Friday, November 30, 2018
I’ve finally gotten around to dealing with something that’s been on my bucket list for decades—returning to its rightful owners, a rare, 350-year-old, book that came into my possession over 60 years ago.
De Monarchia Hispanica, by Tommaso Campanella, published in Amsterdam in 1653, was once in the personal library of Thomas Barlow, famed 17th century English clergyman and Provost of Queens College, Oxford. Not really my kind of guy, Barlow enjoyed a long career in public life largely because he was, as some of his contemporaries alleged, a “trimmer.” This was a pejorative term for someone who conformed politically for the sake of career advancement, aka, a sycophant; or, for those of you in my generation who watched a certain television show when we were kids, an “Eddie Haskell.”
However, I’m reluctant to be too judgmental, considering the tumultuous period of English history in which he lived, where many notables often, and literally, lost their heads. Yet, Barlow was, as trimmers go, a virtuoso. His Machiavellian nature paired nicely with his quibbling, evasive, casuistic philosophical writings devaluing virtues like duty, honor and morality.
But back to the present.
Despite its age, this copy of De Monarchia has very little dollar value in the rare book market, just couple hundred bucks, at best. I attribute this to the fact that neither Campanella nor Barlow are historical headliners, and also because, around 1960 my then-five-year-old brother Brian, took a Crayola (I’m guessing “Forest Green” or “Shamrock”) to a couple of pages, scribbling what might be (giving the tyke benefit of the doubt) the professional proofreader mark to “Transpose” a word or phrase 😉.
I recently contacted Amanda Saville, librarian at Queens College, Oxford, who confirmed Barlow’s handwriting, and was curious how the book had gotten to the U.S., saying: “Upon Barlow’s death the Bodleian Library [another Oxford library and one of the oldest in Europe] chose which of his books they wanted and the remainder came here to Queen’s, but it was not an exact science and it is highly probable that a portion of Barlow’s library went elsewhere.” Consequently, she was excited to learn about it, even more so, because neither library has this particular 1653 edition. She was also extremely appreciative to learn that I’m donating the book to the Queens College Library.
As someone who writes history books, I’m tickled that this three-century-long, circular journey, beginning sometime after Barlow’s death in 1691, through all the never-to-be-known places and lives it passed, is now nearly complete. That, after traveling thousands of miles, it will soon reside in a modern library just a few minutes’ walk from the spot where Barlow, one day in 1654, took up a feathered quill pen and, after sharpening its nib to the finest point, and carefully dipping it in an inkwell, scribbled a page full of notes in Latin on the flyleaf with such extraordinary precision.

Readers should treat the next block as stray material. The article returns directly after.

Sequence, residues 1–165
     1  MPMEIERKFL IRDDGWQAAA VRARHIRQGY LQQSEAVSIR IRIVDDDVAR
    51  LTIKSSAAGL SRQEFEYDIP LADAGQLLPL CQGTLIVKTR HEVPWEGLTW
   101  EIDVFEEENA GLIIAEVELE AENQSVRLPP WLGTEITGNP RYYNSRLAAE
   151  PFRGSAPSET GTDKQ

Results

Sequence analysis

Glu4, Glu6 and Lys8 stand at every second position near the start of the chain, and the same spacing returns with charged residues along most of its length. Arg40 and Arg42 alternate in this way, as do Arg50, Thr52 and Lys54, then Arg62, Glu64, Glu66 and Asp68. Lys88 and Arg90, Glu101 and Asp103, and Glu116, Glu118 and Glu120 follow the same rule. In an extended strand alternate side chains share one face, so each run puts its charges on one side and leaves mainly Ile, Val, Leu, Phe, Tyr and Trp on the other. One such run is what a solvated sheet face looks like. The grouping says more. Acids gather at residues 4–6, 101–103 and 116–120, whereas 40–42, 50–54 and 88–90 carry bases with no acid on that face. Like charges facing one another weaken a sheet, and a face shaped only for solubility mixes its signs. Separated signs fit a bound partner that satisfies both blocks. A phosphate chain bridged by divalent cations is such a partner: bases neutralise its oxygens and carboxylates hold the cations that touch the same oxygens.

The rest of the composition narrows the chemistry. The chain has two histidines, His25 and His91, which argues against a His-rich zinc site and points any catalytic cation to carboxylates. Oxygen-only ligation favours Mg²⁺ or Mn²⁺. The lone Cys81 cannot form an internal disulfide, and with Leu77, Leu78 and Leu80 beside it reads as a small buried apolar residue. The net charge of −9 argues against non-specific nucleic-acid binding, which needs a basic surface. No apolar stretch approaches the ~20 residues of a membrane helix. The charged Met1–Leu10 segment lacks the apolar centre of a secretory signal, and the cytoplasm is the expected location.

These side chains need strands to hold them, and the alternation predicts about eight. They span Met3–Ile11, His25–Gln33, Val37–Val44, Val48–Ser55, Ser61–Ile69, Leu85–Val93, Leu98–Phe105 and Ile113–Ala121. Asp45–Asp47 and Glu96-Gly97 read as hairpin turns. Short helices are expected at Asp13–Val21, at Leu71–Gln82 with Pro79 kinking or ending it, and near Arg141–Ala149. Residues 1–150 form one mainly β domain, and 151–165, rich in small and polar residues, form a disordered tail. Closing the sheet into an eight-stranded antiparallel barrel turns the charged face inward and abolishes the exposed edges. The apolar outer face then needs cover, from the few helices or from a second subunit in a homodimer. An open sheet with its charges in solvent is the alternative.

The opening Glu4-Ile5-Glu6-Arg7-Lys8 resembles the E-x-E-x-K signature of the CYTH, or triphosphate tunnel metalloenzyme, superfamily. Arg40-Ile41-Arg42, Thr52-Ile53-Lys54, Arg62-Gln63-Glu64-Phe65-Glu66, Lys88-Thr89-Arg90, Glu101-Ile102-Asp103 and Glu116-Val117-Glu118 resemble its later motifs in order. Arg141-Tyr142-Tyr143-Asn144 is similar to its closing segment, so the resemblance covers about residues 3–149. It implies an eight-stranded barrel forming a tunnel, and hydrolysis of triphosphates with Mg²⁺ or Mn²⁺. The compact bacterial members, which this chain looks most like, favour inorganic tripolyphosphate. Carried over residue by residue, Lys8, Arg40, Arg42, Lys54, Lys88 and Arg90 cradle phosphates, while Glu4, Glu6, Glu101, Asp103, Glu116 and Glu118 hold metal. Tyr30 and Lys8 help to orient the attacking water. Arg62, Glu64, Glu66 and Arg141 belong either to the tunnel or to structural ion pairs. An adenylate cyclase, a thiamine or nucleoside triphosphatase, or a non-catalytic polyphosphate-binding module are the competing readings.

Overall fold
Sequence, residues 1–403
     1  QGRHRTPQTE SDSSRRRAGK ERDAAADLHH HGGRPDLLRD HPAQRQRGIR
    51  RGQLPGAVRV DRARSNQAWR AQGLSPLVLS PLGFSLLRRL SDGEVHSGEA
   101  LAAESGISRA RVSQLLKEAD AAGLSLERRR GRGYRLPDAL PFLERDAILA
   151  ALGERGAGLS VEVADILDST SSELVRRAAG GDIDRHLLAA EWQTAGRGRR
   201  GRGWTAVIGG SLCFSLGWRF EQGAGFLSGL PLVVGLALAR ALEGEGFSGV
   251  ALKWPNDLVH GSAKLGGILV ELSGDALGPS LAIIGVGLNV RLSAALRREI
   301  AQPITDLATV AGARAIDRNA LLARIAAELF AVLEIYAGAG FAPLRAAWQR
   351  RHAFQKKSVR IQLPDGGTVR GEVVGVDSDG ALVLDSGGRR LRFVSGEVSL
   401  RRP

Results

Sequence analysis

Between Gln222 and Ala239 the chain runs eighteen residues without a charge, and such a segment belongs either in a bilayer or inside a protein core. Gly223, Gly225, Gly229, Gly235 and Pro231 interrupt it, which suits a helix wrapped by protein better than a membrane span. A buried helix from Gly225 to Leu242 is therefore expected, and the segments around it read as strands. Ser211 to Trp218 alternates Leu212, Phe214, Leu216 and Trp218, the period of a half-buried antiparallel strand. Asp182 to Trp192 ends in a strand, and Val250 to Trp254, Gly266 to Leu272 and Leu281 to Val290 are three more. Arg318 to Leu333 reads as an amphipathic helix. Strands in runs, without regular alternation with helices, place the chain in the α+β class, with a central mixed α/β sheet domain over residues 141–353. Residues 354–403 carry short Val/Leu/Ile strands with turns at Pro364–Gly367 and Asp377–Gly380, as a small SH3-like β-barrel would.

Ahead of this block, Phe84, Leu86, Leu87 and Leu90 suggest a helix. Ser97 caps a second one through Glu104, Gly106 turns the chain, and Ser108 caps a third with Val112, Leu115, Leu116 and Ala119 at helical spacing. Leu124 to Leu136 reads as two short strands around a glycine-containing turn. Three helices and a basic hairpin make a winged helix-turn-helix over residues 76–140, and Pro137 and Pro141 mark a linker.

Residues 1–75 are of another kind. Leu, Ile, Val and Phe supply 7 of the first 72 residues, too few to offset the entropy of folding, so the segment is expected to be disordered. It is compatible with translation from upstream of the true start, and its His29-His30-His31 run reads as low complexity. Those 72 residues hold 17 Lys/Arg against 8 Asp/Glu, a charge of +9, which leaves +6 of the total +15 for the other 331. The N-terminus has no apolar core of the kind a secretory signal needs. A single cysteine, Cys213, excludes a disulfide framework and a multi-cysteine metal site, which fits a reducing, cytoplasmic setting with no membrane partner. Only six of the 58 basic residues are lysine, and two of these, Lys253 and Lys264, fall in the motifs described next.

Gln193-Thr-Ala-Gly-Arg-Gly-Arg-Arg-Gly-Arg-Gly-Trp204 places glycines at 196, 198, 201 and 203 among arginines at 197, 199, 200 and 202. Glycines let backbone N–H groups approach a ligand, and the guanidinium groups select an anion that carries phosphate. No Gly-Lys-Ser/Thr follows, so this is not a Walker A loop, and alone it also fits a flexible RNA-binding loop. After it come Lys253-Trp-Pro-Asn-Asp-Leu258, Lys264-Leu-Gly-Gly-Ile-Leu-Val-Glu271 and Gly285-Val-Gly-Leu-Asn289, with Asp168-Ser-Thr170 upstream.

I apologize for sounding so sappy in bidding goodbye to de Monarchia, but in such a chaotic and increasingly cynical world, I like to savor these small victories for fate and harmonious endings.
Thursday, November 22, 2018
I’d forgotten to defrost the turkey and so have it in the clothes dryer early this morning on the “Wrinkle Free” setting. As an added bonus, all that tumbling should tenderize the bird nicely, though the constant banging around in there is so loud, I can barely hear myself think. OK, I may be exaggerating here just a bit… the dryer is actually on the “Sheets” setting.
But joking aside, I do have a real Thanksgiving story to tell:
My sister Sue, the genealogist in our family, spent years researching our history, and found that we go back to the first Thanksgiving. She subsequently had her work certified by the Mayflower Society as showing us to be, on our father’s side, a 13th generation blood relative of Mayflower voyager William Brewster. Upon arrival, William was immediately elected senior elder and religious leader of the Plymouth Colony, and thus presided over, and blessed, the very first Thanksgiving feast in 1621.
Regrettably, being a compulsive historian, I could not leave it at just that, and so began to research further back—I didn’t have to go far. It turns out that William Brewster’s father had been a bit of a lecher. Despite holding important civic positions as the bailiff and postmaster of Scrooby, England, he was widely known as “William the Fornicator” (Nick Bunker, Making Haste from Babylon: The Mayflower Pilgrims and Their World: A New History, First Vintage Books, 2011, p. 125).
And so, the moral of this inspiring holiday story is:
“Family historians, like gamblers, should quit when they’re ahead.”
Happy Thanksgiving to all!
Tuesday, November 13, 2018
Last Friday, November 9, I attended a ribbon-cutting ceremony on the state capitol grounds for a monument dedicated to military members from Nevada who lost their lives in war, and the Gold Star families they left behind.
Afterwards, I was pleased to have a chance to thank the keynote speaker, outgoing Governor Brian Sandoval, for the honorable and dignified manner in which he has led our State over the past eight years.
I’ve had the pleasure of knowing him and his family for years, throughout his numerous public service positions, which included state assembly member, Nevada Attorney General and federal district court judge. As Governor, Brian Sandoval honored his late mentors, Governor Kenny Guinn and State Senator Bill Raggio, by always trying to do what was right, and in the best interests of all Nevadans. In doing so, he consistently ranked among the most popular governors in the United States.
His wise and compassionate leadership will be missed. Best of luck, Governor, in whatever your future holds.
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